"For Southwestern tribes, the impacts of climate change threaten local infrastructure, access to culturally significant plant and animal species, food sovereignty, water resources and traditional lifeways."
Climate change threatens to alter the natural environment in a myriad of different ways. For the Southwestern United States, these changes include a trend toward hotter and drier conditions, and importantly, disruptions to major hydrologic systems and processes. In the National Climate Assessment’s1 (NCA) most recent report on the Southwest, “Assessment of Climate Change in the Southwest US”, the authors describe the region—Arizona, California, Colorado, Nevada, New Mexico and Utah—as being among the most “climate-challenged” in North America. It’s not surprising then that many climate change impacts are already being felt in the Southwest: rise in average temperature, changes in precipitation and snowpack, and prolonged drought. These phenomena signal both the urgent need to mitigate climate change through a reduction in fossil fuel combustion as well as a clear imperative to prepare for the anticipated impacts and develop sound adaptation strategies.
For Southwestern tribes, the impacts of climate change threaten local infrastructure, access to culturally significant plant and animal species, food sovereignty, water resources and traditional lifeways. As the authors point out in the NCA report, Southwestern tribes face a host of unique challenges in the face of climate change2. Many of these challenges stem from longstanding inequities such as natural resource distribution (i.e. water supply), habitability of designated tribal lands and political marginalization. Compounding the potential vulnerability of tribes to climate change are the close relationship and cultural ties between tribes and their traditional lands. Altered timing of seasons and early snowmelt, for instance, can have repercussions for tribes that observe traditional harvesting cycles. One final, yet important obstacle that tribes may encounter in the face of climate change is limited climate monitoring data to inform baseline conditions and establish changes over time.
© Seth Roffman
Although there is limited climate monitoring data presently available, other mechanisms for tracking climate change must be seriously considered—both oral accounts and traditional knowledge are crucial resources that can help to reconstruct historical conditions and inform climate-driven changes. Dr. Margaret Hiza Redsteer of the US Geological Survey is frequently referenced in discussions on climate science and Southwestern tribal lands. For the past decade, Hiza Redsteer has studied climate change-induced migration of sand dunes across the Navajo Nation. In addition to utilizing tools typically associated with a research geologist, like lidar measurements and meteorological monitoring stations, Dr. Hiza Redsteer and her colleagues have also worked to chronicle oral accounts from Navajo elders on the area’s natural history—landscape features, vegetation, wildlife, and land management practices over time. Her work on dune migration highlights the immediate dangers that climate change poses for tribal lands in the way of damaged infrastructure (roads and homes), reduced arable and rangelands, and compromised public health due to dust storms. However, it also serves as a case study on the utility of melding western science with traditional knowledge and oral histories to weave a far more informative narrative of natural history on tribal lands.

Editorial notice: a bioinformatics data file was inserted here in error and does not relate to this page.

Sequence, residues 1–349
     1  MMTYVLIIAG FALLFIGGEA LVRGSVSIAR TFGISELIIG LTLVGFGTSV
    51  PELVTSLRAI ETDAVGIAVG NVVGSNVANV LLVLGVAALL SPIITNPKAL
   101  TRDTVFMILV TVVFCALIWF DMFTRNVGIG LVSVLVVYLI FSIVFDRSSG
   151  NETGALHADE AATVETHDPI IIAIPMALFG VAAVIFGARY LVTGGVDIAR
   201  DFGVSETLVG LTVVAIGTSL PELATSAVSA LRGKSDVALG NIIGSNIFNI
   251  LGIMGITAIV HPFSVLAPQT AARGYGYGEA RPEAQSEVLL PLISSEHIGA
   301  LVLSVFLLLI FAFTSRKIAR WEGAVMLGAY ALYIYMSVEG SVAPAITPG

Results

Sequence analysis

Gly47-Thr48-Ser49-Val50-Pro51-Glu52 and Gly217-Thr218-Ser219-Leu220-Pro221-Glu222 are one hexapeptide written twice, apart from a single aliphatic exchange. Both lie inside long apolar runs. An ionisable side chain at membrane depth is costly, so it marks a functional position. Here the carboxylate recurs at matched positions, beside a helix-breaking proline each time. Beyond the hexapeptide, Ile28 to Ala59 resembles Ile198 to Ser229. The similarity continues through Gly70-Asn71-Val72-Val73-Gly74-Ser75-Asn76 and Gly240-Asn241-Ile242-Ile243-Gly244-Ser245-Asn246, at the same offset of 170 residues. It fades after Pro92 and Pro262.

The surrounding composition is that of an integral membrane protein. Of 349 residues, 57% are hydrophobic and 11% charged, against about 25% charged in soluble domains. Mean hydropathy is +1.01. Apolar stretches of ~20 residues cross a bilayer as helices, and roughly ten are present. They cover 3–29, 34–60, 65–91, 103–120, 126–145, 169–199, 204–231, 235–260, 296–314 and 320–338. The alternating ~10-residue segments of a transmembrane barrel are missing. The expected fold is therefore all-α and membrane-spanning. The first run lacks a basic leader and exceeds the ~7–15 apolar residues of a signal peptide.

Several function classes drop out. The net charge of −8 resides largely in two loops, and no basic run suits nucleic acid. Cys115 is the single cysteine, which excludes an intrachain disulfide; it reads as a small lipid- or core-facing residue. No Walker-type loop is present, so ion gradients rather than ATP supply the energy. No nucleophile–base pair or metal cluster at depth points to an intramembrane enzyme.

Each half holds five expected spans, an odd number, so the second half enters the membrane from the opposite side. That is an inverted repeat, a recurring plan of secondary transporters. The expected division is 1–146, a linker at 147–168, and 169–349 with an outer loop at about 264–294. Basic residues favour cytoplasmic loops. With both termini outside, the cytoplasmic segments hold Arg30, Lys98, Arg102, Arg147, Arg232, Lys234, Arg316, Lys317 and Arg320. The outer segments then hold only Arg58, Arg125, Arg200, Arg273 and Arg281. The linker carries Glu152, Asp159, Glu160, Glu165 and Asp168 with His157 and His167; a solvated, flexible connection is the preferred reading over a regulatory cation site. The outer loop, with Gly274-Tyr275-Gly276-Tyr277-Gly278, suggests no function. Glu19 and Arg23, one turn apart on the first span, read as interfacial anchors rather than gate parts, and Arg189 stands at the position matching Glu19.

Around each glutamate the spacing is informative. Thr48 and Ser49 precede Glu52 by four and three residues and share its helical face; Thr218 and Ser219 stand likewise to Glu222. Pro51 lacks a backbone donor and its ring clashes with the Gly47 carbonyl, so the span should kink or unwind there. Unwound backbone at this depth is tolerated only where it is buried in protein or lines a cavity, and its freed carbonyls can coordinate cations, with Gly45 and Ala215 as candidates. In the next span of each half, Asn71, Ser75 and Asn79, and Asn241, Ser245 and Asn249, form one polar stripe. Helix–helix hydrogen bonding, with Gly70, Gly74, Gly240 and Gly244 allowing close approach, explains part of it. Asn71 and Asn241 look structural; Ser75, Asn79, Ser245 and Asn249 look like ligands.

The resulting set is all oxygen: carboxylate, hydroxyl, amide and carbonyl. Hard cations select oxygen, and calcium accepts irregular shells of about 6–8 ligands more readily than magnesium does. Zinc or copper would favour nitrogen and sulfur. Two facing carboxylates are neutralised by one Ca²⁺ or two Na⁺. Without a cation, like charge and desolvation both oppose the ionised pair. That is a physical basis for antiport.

Over the past four years, the Institute for Tribal Environmental Professionals (ITEP) at Northern Arizona University has worked with tribes to chronicle and publish accounts of the regional impacts of climate change through profiles and fact sheets. In addition, ITEP produced the 2010 “Tribal Climate Change Efforts in Arizona and New Mexico” report, which highlights tribally led climate change projects in Arizona and New Mexico and also illustrates some of the unique challenges faced by tribes throughout the Southwest. These monumental challenges resulting from global climate change, which include increased frequency of wildfire, increased water scarcity, loss of traditional grazing lands, increased prevalence of invasive species, and changes in precipitation patterns (primarily early snowmelt), are being met with extraordinary ingenuity and tenacity by Southwestern tribes. Nonetheless, climate change poses serious consequences for tribes, who are among the most vulnerable to its impacts. It is in light of this fact that some tribes have started the climate change adaptation planning process (see ITEP Climate Change Program sidebar), which requires assessment of climate impacts and vulnerabilities of tribal natural and cultural resources, social services, infrastructure, and lands, and enables tribal staff to build climate resiliency into their communities by way of strategic planning and cross-sector preparedness.
In its ongoing effort to support tribes as they prepare for climate change impacts, ITEP has scheduled an adaptation planning training during the 2013 Tribal Lands and Environment Forum hosted by the Pueblo of Santa Ana in New Mexico.
Susan Wotkyns is Climate Change Program manager and Cristina María Gonzales-Maddux is research specialist at Northern Arizona University’s Institute for Tribal Environmental Professionals.
1The third National Climate Assessment report is scheduled for completion in early 2014. In January of 2013 the draft report was released for public and expert comment.
2Assessment of Climate Change in the Southwest United States, 2013 - Ch. 17. Unique Challenges Facing Southwestern Tribes.